Figure 2. Multiple intersection points of nonrecurrent laryngeal nerve (short arrows) with inferior thyroid artery (red arrow heads) at various proximal and distal levels. The red star marks the retroesophageal right subclavian artery. The curved blue arrow indicates the laryngeal entry of left recurrent laryngeal nerve. Long arrow marks the extralaryngeal branch of nonrecurrent laryngeal nerve. VN, vagus nerve; TG, thyroid gland, ZT, Zuckerkandl’s tubercle; VA, vertebral artery; RCCA, right common carotid artery; TCT, thryocervical trunk.

section for esophageal cancer and thyroidectomy [6] [7] [12] . The relationship of TD and LRLN to the RERSA in the present case may be of surgical importance because the LRLN and TD could be injured during anastomosis of the divided RERSA to the ascending aorta or the RCCA on surgical correction of RERSA [5] . In addition, the duct, LRLN and NRLN should be secured during surgical treatment of esophageal cancer associated with RERSA. Moreover, the RERSA could be injured during video-assisted thoracoscopic esophagectomy. Therefore, preoperative diagnosis of RERSA in cancer esophagus patients based on symptoms as dysphagia lusoria or imaging methods may help to avoid injury of the aberrant artery [6] -[9] . The V1 segment of the right vertebral artery in the present case was kinked and therefore, it could impact the diagnosis and treatment of cerebral ischemia [13] .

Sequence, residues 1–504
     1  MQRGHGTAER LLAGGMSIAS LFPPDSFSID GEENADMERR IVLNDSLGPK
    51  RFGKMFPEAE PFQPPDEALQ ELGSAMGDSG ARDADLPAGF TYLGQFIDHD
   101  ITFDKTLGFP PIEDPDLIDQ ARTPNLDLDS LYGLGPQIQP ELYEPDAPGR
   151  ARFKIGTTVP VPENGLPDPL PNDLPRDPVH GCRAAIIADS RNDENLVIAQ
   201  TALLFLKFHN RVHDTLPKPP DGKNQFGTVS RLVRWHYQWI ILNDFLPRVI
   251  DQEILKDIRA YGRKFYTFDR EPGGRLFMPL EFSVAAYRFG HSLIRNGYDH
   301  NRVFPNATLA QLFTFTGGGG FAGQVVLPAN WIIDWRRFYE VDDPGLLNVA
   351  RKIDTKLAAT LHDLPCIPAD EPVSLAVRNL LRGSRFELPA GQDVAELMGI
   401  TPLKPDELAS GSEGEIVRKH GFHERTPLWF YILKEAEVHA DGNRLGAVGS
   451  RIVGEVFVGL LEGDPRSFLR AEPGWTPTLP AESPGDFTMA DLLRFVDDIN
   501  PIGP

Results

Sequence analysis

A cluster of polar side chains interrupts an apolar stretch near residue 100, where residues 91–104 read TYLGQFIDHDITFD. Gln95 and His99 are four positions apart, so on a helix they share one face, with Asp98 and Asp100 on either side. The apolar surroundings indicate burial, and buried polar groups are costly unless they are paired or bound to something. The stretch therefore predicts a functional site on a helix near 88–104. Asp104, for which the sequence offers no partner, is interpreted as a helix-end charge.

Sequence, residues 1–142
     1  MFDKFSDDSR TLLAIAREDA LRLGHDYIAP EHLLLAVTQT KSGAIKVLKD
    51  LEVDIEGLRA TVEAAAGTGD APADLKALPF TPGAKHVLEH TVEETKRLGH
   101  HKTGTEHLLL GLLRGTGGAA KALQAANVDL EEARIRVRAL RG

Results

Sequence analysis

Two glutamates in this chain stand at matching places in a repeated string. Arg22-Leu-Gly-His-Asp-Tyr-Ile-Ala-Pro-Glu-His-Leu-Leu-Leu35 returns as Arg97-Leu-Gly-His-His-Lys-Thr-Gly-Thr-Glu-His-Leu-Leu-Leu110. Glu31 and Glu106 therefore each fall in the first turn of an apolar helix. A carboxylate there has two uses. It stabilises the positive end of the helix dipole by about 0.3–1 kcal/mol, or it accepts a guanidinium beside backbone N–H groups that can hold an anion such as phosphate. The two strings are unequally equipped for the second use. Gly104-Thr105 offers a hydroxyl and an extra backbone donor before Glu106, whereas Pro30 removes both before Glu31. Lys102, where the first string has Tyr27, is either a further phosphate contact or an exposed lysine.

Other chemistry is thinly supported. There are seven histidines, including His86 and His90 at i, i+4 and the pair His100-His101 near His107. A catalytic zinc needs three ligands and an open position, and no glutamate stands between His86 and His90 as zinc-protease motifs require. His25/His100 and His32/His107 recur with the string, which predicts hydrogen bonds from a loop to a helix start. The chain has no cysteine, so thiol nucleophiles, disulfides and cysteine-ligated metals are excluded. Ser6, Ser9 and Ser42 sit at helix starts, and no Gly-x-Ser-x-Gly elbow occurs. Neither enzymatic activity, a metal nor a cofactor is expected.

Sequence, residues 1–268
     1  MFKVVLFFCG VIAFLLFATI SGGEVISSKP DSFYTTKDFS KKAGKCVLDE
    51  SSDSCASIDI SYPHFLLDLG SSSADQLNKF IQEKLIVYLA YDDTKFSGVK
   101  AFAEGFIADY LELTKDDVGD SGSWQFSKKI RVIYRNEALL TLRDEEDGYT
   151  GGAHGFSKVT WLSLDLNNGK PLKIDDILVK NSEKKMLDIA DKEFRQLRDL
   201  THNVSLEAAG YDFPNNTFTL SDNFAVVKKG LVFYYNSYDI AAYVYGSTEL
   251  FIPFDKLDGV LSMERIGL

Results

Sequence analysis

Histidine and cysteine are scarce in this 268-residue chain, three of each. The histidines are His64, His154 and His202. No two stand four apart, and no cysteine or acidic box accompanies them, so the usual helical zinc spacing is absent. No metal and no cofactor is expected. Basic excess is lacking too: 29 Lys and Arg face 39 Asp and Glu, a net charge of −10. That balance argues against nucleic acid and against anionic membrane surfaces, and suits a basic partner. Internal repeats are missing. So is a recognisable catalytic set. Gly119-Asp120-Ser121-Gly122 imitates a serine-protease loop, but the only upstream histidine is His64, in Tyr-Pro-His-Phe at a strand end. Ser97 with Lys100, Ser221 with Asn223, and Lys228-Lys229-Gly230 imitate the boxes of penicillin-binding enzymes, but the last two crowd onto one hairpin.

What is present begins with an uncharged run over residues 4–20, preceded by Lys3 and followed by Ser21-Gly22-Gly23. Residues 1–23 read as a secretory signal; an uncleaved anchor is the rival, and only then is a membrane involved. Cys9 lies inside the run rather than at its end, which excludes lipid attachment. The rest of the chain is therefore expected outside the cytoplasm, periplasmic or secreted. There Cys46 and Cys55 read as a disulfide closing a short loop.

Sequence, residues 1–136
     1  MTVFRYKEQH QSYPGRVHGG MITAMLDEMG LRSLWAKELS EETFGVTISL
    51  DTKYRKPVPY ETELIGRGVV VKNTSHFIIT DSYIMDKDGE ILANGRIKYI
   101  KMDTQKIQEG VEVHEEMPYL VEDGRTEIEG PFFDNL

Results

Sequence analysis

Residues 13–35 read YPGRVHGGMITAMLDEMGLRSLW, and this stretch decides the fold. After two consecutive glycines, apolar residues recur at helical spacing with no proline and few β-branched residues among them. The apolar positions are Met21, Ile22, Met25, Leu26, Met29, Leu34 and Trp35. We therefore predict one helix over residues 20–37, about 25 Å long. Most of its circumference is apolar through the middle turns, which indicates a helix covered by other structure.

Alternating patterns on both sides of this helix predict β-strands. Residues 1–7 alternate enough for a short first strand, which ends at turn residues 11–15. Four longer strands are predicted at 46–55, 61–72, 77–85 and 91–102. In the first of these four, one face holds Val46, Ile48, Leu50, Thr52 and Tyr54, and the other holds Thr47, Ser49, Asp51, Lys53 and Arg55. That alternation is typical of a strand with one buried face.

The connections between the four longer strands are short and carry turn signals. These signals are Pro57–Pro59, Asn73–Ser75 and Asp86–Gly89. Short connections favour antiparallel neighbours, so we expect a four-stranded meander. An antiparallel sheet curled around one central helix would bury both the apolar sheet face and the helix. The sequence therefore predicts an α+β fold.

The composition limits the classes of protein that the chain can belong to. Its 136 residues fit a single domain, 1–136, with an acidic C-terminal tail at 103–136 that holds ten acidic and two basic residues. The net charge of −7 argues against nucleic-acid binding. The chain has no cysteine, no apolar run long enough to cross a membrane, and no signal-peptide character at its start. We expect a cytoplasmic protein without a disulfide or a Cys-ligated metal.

4. Conclusion

To the best of our knowledge, the present case is the first showing the coexistence of RERSA with NRLN, variant ITA and kinked vertebral artery on right side, in addition to the relationships of the RERSA to TD and LRLN on left side. Moreover, the surgical anatomy of the present case was briefly discussed.